This article was originally featured in the magazine:
PIC Magazine Issue 5 - June 2017

In The Lab: Uniting Lasers And Photodetectors In GaN


Integrating multiple functions on the same chip paves the way for advancing a range of applications, including smart lighting, displays and visible light communication. PIC International’s sister title -- Compound Semiconductor magazine -- reports on a collaboration between KAUST, UCSB and KACST that’s making headway by bringing together a III–nitride waveguide photodetector with a laser diode emitting at 405 nm.

A collaboration between researchers in the US and Saudi Arabia has integrated a GaN laser and photodetector on the same chip, to create a device that offers optical power monitoring and on-chip communication.

The team believes that their device is the first to operate in the visible spectrum and deliver photonic integration via the use of the same InGaN/GaN quantum-well active region.

“Such a device is important for achieving a feedback loop to enable constant luminous lighting and realising high date rate, visible light communication systems – a step towards high-quality, smart lighting," argues corresponding author Boon Ooi from King Abdullah University of Science and Technology.

One of the merits of the work is that it avoids the strong internal electric field on the c-plane, which causes a large separation between the absorption and emission peaks. The approach of Ooi’s group, working with researchers at the University of California, Santa Barbara, and King Abdulaziz City for Science and Technology, is to fabricate their photonic chip on the semi-polar plane of GaN.

Their chip features a 505 mm-long, 405 nm laser. Near its rear facet, separated by 5 mm, is a 90 mm long waveguide photodiode. Between the laser and photodiode is an isolation trench, formed by focused ion beam milling. This allows the two devices to operate independently, thanks to an isolation resistance of about 1 MW.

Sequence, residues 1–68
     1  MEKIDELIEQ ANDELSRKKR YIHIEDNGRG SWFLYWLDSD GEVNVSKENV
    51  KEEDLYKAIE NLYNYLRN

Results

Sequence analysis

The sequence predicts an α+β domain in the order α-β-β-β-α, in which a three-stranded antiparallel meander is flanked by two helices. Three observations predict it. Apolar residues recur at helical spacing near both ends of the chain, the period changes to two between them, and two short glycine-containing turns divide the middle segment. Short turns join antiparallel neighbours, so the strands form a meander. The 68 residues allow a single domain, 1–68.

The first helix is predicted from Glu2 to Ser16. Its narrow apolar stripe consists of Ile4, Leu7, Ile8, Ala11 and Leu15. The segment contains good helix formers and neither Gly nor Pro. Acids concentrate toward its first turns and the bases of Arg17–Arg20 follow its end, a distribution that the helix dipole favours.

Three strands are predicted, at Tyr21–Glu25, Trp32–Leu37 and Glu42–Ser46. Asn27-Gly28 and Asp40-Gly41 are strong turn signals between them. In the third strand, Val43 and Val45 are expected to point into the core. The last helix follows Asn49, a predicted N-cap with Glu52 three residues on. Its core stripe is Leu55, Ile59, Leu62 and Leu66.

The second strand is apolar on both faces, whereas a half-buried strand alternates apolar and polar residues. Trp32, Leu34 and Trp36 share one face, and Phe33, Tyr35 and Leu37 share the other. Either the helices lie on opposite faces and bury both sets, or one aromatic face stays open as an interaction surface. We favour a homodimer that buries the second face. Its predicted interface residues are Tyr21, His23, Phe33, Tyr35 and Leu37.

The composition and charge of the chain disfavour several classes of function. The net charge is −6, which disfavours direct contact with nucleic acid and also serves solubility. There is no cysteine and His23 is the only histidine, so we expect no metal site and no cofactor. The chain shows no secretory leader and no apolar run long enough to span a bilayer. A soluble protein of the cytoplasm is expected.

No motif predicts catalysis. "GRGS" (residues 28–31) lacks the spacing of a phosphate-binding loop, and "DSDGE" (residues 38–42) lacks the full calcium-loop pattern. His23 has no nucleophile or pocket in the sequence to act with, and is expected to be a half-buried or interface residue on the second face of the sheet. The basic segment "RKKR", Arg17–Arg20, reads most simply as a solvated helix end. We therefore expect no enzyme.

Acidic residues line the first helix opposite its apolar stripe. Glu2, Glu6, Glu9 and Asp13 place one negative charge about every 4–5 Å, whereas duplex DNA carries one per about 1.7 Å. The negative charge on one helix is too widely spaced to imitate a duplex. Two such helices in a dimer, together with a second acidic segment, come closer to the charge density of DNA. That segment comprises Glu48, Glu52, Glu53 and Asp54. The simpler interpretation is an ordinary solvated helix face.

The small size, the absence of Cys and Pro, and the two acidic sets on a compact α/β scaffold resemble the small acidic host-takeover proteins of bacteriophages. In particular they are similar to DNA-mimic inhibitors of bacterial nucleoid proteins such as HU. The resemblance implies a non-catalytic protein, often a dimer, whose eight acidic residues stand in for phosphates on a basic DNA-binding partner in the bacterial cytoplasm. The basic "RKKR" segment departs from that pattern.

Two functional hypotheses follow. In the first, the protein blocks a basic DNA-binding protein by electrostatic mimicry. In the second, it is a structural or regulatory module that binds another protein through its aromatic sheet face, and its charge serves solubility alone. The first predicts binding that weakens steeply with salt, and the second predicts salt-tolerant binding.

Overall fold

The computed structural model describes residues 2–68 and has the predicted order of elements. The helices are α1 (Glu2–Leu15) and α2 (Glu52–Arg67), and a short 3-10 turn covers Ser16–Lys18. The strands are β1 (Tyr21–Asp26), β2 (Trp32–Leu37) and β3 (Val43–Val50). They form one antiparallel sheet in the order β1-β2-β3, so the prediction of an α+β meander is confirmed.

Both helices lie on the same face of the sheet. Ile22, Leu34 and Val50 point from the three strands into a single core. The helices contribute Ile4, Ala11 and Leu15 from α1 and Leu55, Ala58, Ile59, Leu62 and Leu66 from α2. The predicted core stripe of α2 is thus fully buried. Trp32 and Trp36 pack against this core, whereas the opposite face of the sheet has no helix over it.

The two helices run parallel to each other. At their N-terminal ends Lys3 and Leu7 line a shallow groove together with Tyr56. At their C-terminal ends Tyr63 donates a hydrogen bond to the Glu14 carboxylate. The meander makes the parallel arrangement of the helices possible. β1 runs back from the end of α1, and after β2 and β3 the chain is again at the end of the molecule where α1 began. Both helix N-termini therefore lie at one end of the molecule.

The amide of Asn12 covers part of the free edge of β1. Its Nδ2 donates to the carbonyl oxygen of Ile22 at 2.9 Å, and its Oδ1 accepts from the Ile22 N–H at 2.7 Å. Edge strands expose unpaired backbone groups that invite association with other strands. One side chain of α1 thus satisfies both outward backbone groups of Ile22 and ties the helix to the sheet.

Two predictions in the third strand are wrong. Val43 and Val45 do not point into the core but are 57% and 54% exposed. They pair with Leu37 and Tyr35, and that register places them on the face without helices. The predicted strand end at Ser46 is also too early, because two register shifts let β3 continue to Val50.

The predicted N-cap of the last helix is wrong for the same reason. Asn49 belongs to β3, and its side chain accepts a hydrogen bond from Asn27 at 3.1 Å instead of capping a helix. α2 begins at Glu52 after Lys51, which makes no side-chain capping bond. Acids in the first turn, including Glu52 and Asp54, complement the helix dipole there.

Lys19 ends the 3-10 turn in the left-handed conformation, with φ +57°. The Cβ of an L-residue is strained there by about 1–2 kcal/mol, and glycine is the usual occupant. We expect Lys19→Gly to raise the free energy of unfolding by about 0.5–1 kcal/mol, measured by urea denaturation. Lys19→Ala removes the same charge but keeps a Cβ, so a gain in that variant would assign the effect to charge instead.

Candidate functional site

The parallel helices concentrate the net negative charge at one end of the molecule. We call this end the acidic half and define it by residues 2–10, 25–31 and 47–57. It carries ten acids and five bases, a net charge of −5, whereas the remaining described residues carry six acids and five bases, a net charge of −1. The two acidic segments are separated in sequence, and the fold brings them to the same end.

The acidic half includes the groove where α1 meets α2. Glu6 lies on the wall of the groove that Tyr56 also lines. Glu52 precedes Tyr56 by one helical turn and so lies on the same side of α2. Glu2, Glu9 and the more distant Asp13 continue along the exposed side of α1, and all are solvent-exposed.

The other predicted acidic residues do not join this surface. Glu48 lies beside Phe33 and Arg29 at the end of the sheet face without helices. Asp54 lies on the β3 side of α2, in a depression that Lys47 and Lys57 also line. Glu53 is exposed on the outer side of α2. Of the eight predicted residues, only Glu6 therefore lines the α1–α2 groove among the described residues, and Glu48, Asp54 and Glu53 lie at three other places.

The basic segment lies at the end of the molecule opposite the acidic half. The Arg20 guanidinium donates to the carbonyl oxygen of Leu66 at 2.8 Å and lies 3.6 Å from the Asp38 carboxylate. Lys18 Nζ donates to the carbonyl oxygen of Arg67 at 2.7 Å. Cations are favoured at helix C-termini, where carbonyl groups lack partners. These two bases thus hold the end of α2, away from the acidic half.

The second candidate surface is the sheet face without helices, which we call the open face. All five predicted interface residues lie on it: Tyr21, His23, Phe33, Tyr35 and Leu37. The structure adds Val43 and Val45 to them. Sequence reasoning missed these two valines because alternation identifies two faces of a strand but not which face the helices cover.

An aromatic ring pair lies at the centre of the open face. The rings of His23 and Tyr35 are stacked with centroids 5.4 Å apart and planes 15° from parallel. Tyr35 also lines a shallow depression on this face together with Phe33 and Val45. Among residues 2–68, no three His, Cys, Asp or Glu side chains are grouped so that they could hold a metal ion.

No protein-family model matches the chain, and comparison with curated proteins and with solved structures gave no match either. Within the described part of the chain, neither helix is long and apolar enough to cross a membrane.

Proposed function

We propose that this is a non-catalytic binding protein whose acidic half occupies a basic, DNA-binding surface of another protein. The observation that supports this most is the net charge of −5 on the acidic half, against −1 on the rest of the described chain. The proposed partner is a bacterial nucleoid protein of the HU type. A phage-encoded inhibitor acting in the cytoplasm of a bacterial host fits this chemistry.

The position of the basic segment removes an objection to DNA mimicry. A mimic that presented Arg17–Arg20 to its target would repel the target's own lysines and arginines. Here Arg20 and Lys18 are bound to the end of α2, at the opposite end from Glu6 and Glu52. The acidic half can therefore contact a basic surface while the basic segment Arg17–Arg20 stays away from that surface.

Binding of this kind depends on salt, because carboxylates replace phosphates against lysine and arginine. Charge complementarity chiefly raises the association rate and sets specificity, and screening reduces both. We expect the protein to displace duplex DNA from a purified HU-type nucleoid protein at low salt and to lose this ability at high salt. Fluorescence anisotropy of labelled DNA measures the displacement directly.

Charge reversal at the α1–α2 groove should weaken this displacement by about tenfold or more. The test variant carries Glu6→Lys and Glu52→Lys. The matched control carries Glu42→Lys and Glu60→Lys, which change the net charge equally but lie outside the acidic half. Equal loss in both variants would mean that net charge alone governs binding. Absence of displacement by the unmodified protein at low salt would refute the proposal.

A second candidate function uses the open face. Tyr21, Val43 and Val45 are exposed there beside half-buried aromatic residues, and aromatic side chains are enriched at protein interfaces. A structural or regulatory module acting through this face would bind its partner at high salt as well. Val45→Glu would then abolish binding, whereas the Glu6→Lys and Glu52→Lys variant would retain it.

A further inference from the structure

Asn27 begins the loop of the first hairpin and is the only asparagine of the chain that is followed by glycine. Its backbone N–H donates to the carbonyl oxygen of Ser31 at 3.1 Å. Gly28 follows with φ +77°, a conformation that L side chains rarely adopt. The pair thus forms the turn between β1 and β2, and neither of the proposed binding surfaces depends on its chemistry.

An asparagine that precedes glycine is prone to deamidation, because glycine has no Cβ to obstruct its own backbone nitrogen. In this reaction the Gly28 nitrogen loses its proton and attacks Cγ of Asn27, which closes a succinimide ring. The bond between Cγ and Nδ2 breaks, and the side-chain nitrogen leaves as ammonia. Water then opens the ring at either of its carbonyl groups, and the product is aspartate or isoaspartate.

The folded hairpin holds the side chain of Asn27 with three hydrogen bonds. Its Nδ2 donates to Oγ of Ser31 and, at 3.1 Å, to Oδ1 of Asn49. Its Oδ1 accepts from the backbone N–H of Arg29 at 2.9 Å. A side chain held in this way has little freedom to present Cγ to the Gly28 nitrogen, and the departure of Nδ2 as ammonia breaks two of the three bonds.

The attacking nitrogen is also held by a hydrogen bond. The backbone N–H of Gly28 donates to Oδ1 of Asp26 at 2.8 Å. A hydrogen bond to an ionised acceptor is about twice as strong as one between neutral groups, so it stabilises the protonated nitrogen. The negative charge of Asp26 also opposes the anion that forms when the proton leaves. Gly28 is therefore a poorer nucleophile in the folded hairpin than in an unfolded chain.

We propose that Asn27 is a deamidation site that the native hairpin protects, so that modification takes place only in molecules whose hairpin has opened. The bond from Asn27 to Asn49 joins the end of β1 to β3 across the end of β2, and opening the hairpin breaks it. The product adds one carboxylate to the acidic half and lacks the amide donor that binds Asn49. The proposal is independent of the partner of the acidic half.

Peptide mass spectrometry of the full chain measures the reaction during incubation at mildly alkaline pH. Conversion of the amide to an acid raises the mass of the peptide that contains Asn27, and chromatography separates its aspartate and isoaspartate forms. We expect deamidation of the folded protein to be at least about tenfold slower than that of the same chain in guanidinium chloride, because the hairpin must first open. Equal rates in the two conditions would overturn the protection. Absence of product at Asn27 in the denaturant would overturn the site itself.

Measurements from the front facet of the laser, which is operated continuously, reveal a threshold current of 130 mA and a slope efficiency of 0.4 W/A. This is in good agreement with measurements of the waveguide photodiode at zero bias, which show a significant increase in photocurrent when the laser diode’s current is increased to 130 mA. At higher drive currents, lasing kicks in, and there is a significant increase in the photocurrent in the waveguide photodiode. This behaviour shows that the waveguide photodiode can be used for on-chip power monitoring.

Biasing the photodiode leads to enhanced optical responsivity. When driving the laser with 5 ms pulses at a 10 percent duty cycle to minimise heating, an increase in the bias from 0 V to 10 V leads to an increase in responsivity – the ratio of the photocurrent to the incident optical power – from 0.0018 A/W to 0.051 A/W. According to the team, this figure of merit is far higher than that for equivalent photodiodes on the c-plane, which have a responsivity of 0.001 A/W to 0.01 A/W.

Frequency measurements on the waveguide photodiode indicate a 3 dB bandwidth of 230 MHz. This is vastly superior to GaN Schottky barrier photodiodes and p-i-n photodiodes, which have figures of 5.4 MHz and 10-20 MHz. Ooi attributes the far higher frequency of their waveguide photodiodes their small size, stemming from the narrow ridge design, and the higher responsivity in the semi-polar plane. The higher speed is claimed to showcase the potential of the chip as an integrated receiver for on-chip communication and visible light communication.

Even higher levels of performance should be possible. According to Ooi, the DC and high frequency photoresponse characteristics of the waveguide photodiode could be improved by optimising the design, including the form factor and the facet angle. “By reducing the junction capacitance to about 5 pF, a 3-dB bandwidth of more than 500 MHz is expected." Meanwhile, the efficiency of the laser could be increased by optimising the facet and turning to high-quality high-reflection coatings.

Plans for the future include the development of a multiple-section integration technology. This could enable complex monolithic on-chip integration of III-N light emitters and receivers for smart lighting, displays, and visible light communication.

Adding more functionalities could lead to photonic integrated circuits for optical switching, clocking and optical interconnects.Integrating a GaN laser and waveguide photodetector could aid smart lighting, by allowing the monitoring of optical power.

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